I usually avoid spoilers in my reviews, and Airman definitely requires my discretion - you deserve to enjoy this book from beginning to end. In the end I hope you do enjoy it as much as I did!(less)
Sum: 40 Tales of the Afterlives is a collection of 40 different imaginations of what happens after death. Although the afterlife is almost patently re...moreSum: 40 Tales of the Afterlives is a collection of 40 different imaginations of what happens after death. Although the afterlife is almost patently religious, the tales inside don't follow the typical religious themes that you might be used to. In one story, the afterlife is comprised of different versions of yourself and you face the inadequacies of your own life versus the opportunities that other versions of you took advantage of. In another you live in a world comprised of only the people you met and knew, and suddenly realize that that this was exactly how you chose to live your life when you were alive. Far from being a story about fire and brimstone, Sum delivers a thought-provoking look at how we live our lives and how we perceive the world around us.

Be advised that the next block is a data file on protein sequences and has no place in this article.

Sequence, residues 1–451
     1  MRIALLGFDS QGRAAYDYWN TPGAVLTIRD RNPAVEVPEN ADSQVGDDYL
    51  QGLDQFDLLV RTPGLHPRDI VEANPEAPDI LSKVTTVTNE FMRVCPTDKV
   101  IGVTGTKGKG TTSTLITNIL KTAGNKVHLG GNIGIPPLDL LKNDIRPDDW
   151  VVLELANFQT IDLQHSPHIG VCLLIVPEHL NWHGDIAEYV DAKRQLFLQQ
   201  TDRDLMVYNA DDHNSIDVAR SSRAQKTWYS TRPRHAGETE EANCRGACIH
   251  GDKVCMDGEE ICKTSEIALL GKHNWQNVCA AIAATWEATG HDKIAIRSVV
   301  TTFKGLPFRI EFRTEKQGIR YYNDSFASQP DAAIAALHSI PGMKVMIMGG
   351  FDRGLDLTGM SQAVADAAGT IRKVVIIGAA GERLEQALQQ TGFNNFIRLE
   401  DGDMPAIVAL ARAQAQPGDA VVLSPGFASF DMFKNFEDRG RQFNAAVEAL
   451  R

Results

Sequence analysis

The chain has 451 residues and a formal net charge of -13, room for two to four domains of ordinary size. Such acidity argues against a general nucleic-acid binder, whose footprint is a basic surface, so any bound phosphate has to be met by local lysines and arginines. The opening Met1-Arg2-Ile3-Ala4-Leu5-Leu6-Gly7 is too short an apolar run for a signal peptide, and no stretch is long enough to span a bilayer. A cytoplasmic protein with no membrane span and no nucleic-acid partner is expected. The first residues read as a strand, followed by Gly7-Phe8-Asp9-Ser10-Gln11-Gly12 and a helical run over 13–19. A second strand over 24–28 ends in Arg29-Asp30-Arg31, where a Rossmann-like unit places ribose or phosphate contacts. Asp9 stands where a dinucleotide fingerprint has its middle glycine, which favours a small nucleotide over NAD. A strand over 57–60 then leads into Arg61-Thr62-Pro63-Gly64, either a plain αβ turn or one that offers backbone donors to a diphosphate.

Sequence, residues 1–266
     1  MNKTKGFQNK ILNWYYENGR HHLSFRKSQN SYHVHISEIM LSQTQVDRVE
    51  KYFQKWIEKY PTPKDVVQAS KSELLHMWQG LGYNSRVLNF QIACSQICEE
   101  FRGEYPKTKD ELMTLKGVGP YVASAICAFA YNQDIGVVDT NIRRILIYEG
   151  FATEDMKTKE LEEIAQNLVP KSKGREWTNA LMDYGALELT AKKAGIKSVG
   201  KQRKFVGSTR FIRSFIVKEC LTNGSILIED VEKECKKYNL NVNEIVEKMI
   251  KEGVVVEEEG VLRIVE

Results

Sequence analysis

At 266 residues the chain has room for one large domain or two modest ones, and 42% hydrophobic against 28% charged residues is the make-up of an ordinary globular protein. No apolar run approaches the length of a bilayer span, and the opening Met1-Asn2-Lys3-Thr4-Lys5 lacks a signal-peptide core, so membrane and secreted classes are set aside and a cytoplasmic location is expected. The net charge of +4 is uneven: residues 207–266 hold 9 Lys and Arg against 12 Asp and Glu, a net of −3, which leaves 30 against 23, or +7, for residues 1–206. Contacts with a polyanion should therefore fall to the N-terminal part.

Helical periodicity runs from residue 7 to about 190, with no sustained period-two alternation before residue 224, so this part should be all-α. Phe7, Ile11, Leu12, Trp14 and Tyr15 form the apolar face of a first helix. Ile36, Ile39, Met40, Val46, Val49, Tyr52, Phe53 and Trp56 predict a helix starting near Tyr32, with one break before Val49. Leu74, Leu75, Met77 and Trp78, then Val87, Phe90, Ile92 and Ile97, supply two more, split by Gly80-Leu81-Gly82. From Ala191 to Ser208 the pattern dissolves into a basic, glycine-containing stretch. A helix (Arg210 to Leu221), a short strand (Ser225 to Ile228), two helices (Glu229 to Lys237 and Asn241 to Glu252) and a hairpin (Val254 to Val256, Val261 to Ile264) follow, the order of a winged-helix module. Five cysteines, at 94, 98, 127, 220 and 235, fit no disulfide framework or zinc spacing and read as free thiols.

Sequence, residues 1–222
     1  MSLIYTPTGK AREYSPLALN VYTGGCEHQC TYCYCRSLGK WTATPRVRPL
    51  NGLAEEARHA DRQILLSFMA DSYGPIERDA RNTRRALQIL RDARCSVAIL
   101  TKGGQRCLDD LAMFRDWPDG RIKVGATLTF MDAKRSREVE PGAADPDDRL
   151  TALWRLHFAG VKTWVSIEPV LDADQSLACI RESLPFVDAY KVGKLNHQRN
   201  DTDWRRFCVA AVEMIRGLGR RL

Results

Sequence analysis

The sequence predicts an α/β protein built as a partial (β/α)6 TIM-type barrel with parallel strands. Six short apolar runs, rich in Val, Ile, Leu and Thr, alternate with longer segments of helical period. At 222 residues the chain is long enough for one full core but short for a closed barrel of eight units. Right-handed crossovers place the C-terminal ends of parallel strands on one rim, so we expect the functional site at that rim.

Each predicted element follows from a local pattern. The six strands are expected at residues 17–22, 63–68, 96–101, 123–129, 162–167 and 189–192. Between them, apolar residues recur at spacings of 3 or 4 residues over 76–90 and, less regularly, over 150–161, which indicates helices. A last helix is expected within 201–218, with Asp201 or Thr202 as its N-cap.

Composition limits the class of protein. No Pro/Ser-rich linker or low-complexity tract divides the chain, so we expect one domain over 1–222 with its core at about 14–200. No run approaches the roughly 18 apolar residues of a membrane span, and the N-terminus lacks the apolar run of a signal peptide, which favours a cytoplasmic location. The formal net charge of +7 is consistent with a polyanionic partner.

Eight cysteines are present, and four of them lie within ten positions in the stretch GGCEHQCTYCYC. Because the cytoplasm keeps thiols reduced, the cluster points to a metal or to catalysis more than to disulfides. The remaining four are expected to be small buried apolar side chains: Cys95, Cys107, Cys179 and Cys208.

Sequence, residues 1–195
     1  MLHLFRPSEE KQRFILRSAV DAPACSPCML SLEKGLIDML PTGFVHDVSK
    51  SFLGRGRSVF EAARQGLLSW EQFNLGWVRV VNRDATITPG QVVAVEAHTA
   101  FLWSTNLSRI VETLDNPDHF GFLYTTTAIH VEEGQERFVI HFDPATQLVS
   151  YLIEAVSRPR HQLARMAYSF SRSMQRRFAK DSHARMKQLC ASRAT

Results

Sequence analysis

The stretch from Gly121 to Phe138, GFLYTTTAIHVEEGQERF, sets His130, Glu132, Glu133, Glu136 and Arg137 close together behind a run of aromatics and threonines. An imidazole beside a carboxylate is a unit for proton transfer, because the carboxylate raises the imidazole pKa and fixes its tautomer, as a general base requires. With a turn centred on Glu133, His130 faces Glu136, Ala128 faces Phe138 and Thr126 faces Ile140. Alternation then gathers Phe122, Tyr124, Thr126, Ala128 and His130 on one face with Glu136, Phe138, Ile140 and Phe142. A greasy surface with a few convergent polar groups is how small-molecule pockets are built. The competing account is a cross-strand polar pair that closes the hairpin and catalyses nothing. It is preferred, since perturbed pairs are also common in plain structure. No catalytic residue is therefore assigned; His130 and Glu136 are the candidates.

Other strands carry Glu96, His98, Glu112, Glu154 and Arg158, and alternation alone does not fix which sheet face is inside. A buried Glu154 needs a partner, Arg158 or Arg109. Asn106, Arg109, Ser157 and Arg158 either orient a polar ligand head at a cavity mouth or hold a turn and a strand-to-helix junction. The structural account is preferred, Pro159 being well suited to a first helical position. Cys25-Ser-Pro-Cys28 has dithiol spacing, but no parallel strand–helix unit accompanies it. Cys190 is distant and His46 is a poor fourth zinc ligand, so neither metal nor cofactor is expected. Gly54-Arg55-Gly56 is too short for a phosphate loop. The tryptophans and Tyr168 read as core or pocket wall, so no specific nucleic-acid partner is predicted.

I was introduced to Sum: 40 Tales of the Afterlives through the NPR show RadioLab, which dedicated an entire episode to similar themes as those presented in David Eagleman’s book. Interested to read more I picked up the book on my Kindle and I am glad to say that what I got was a very imaginative and refreshing look at life after death. Eagleman is a neuroscientist who studies "time perception, synesthesia, and how neuroscience will influence the legal system", which makes this even more interesting to read because you wonder how is own studies have affected his creative process.
I highly recommend this book. I think that for the sake of conversation alone you'll want to read through it and recommend it to your friends as well, but if you're anything like me you'll find that the stories within have value far beyond simple small talk. (less)